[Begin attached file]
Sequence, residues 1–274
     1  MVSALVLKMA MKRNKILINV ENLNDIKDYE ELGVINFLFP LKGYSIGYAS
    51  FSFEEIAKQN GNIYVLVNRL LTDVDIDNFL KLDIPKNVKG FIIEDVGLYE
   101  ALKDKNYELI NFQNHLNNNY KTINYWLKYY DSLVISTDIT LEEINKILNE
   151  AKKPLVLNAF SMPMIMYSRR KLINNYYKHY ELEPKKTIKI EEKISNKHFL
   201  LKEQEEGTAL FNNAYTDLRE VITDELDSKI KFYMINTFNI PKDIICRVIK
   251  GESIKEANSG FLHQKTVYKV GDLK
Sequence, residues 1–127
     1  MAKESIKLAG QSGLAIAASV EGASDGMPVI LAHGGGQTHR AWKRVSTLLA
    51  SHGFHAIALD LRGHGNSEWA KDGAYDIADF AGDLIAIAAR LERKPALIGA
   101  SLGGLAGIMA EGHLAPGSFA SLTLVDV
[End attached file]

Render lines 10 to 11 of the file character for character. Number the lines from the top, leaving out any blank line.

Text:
    51  SHGFHAIALD LRGHGNSEWA KDGAYDIADF AGDLIAIAAR LERKPALIGA
   101  SLGGLAGIMA EGHLAPGSFA SLTLVDV